I HAD NO IDEA HOW MANY PLACES THAT PESKY LITTLE EMAIL ACCOUNT WAS USED.  Seriously.  Bank logins, insurance accounts, benefits websites, online magazines… and blogs.  Oh, the blogs.

See, you can’t switch the primary email address on a Google account.  Say what?  Yes, let me repeat: you cannot change the primary email address on a Google account if that email address is a Gmail address.

Editing Your Account: Username

You can’t change the email address on your account to an existing Gmail address, but we invite you to add a new Gmail address to your Google Account.

If you use Gmail with your Google Account, it’s not currently possible to change your Gmail username after you’ve registered. You can, however, create another Google Account with a different Gmail username.

If you don’t use Gmail with your Google Account, you can change your account username to another email address at any time. Your username is the full email address you used to create your account.

So, bummer.  And I have yet to figure out how to make all of my blogs and such associate with the new email address.  In the meantime, I’m going to get a drink.  We’re bringing back cocktail hour in the Cheese household, at least until this whole name-changing situation is under control.

Oh, one more warning: when you change your name at the DMV in most states, they take away your old license. So until you get your name changed at your bank and get a new check card, etc, you might run into problems when you try to use your old card.  Ugg.  Grab some cash or get a temporary ATM card, okay?

{On the bright side, saying “my husband” a thousand times while doing all of this is kinda nice.}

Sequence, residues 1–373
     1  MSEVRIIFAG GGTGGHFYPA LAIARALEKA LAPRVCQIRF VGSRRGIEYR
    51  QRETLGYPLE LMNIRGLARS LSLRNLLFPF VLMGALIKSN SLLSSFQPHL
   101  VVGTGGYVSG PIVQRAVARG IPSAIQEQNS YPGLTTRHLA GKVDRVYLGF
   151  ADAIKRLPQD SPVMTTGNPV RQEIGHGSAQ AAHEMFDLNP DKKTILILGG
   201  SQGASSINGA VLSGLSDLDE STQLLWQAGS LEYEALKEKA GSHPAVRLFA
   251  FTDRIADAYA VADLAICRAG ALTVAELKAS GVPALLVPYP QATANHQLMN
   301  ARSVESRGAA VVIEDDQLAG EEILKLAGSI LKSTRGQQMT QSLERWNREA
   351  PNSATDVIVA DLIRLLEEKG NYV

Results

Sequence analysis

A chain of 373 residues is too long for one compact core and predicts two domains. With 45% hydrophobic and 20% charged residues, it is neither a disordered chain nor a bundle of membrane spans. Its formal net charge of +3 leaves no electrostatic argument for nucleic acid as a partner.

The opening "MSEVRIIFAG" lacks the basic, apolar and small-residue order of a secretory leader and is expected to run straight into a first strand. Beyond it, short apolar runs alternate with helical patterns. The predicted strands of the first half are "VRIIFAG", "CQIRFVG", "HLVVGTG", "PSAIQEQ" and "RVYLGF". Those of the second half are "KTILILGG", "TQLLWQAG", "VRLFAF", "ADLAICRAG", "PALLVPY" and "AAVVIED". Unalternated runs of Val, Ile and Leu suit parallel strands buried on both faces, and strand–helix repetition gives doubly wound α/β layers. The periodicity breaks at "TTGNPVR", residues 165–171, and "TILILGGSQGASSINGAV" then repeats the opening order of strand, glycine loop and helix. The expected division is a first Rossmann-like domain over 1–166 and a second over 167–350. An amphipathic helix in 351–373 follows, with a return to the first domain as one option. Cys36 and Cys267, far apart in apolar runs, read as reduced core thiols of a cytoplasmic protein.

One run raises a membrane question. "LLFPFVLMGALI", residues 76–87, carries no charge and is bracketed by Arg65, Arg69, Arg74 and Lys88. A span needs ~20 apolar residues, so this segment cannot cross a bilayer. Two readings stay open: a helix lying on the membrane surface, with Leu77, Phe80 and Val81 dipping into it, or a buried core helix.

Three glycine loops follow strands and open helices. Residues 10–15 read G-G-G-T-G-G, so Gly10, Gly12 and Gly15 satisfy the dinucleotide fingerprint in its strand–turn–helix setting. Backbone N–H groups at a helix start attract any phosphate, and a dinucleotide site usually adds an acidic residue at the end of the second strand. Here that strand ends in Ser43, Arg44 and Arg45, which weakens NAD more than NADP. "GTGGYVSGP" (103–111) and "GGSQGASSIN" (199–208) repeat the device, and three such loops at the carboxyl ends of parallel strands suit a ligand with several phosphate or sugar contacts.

Has anyone out there done this whole email switch from one Gmail account to another successfully?

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Adventures in Name Changing, part I

Posted on June 3, 2009. Filed under: reality, screw-ups |

{Tell me you loved the movie, “Adventures in Babysitting” as much as I did.  Yes, the one back in the 80’s with Elizabeth Shue.  When I moved to Chicago, I suddenly understood the whole drive-into-the-scary-city premise.  Anyhoo….}

So, armed with my newly-married force field (ya know, the one keeping away normal frustration, at least until the word “husband” doesn’t seem so mind-blowing), I headed happily off to the Social Security Administration and DMV, armload of paperwork in hand.

Sidenote 1: I keep all “important documents” in a little zippy waterproof folder.  When I need to do something official, I grab the whole zippy folder.  Didn’t make it clear I needed an original birth certificate, Miss Snooty Government Gatekeeper?  Well, here you go!  Think I don’t have a copy of my very first voter registration card?  HA!  Proved you wrong!  Yea, I’m a dork.

Sidenote 2: I didn’t head off to change my name as happily as I might have suggested.  I’m still slightly ambivalentBut I want my kids to have the same last name as my husband and I, so I’m going with the Bandaid Theory on this one (rip it off before you have time to dread it).  On the plane home from our fabulously lazy honeymoon, I asked Mr. Cheese to indulge me by outwardly and overtly acting like this was the best darned thing I could do to show my love for him.  He obliged, offering to take me out for drinks to celebrate (though we instead broke out the new blender and made our very first batch of pina coladas).

Armed with the second Twilight book, I waltzed into the Social Security Administration.  In my state, you start there, and the receipt from your transaction is a requirement at the DMV.  No problem.  45 minutes and a friendly chat with the helpful name-changer later, I had the slip of paper declaring my new identity: